Just as we know that a lie repeated many times is difficult to debunk in politics, scientific fictions and falsehoods can take on lives of their own if they are cited often enough. We reassure ourselves that the truth will always surface in science, but we underestimate the damage that can occur when a fallacious idea remains in circulation because those circulating the idea have not actually read and evaluated the primary papers that they are citing in support of the idea. We are all guilty of this, and we forget that many important ideas arose on the basis of evidence that we would today consider inadequate. Sometimes, prescient scientists saw the truth on the basis of partial evidence, luck, and terrific scientific intuition. Other times, very smart people, working with the tools and conceptual frameworks of their day, came to incomplete or incorrect conclusions.
So even those of us who think that we are "following the evidence" may be guilty of some degree of carelessness and self-deception. The dramas of the flagrant disregard for data and truth that we see in today’s world should make us even more scrupulous about following the truth in our scientific lives. The temptations to oversell new results, and/or to underacknowledge the past accomplishments of others, are rampant, and are accentuated by the rapid pace and pressures of science today. But finding the truth does not come for free – it requires time and patience, which can be in short supply.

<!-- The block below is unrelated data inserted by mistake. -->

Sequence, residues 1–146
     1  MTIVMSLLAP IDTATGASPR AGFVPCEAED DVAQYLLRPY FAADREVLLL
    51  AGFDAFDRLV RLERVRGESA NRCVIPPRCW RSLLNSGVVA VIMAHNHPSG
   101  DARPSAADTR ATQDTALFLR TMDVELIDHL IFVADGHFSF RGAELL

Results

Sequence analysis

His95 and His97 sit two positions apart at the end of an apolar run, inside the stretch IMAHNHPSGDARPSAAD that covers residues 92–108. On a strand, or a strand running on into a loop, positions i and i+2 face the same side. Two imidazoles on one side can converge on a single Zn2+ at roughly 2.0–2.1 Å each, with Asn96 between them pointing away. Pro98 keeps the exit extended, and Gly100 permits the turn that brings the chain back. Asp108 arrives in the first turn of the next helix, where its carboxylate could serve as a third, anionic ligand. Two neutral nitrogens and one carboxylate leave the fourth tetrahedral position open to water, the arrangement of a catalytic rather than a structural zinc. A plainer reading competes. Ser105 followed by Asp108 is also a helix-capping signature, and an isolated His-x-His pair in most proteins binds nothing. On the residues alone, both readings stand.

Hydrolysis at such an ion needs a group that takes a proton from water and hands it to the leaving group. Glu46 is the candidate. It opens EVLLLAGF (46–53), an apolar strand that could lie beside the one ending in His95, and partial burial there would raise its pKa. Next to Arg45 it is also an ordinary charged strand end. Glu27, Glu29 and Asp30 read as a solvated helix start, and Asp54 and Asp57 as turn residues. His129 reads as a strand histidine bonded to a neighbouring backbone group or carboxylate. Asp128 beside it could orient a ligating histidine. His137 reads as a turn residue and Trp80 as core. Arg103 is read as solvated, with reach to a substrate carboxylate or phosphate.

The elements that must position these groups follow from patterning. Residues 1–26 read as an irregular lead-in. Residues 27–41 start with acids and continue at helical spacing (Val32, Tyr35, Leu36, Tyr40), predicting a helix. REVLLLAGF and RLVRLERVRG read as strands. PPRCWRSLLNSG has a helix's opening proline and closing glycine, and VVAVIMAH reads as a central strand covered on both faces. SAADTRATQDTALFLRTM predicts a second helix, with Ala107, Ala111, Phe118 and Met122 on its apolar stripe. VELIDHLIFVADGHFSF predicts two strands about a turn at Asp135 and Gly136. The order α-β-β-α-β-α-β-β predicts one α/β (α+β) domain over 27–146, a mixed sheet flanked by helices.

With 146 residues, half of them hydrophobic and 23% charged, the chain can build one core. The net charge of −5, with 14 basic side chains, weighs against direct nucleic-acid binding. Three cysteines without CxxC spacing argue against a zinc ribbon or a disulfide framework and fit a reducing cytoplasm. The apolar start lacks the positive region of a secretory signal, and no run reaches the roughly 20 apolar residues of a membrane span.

Those of us who are scientists have a special obligation to call out the truth, both in the context of the world and in our interactions with each other. But there are complex issues around telling the truth, collegiality, and politeness. Years ago I argued that senior investigators had an obligation to publically call out speakers at seminars and conferences if they were propagating fallacies or inaccuracies (Marder, 2003). This can be difficult to do if the speaker is a powerful senior figure, a young investigator, or a good friend. However, we need to signal to the audience that further data or thought might be required before the conclusions of a presentation can be taken at face value.
Moreover, being challenged in public can have an upside. A number of years ago, I was speaking about some work that Astrid Prinz, Dirk Bucher and I had just published on multiple solutions in neuronal networks (Prinz et al., 2004), and certain members of the audience argued (not always politely) that our conclusions would not hold if the networks were perturbed. After I heard this two or three times, I started seriously thinking about this issue, all of which triggered a major research program that has taken us in a number of new directions over the past fifteen years. This demonstrates, I would argue, that sometimes the biggest favor one can do for a colleague, friend, or mentee is to give them your unvarnished critiques of their new data and new ideas. Of course, the most gifted among us are able to be scientifically critical in remarkably constructive and positive ways. I aspire to the grace and generosity of such colleagues as I try to speak my mind in the service of logic and truth.
This essay is part of the Living Science collection.
- Received: March 2, 2021
- Accepted: March 2, 2021
- Version of Record published: March 5, 2021 (version 1)
© 2021, Marder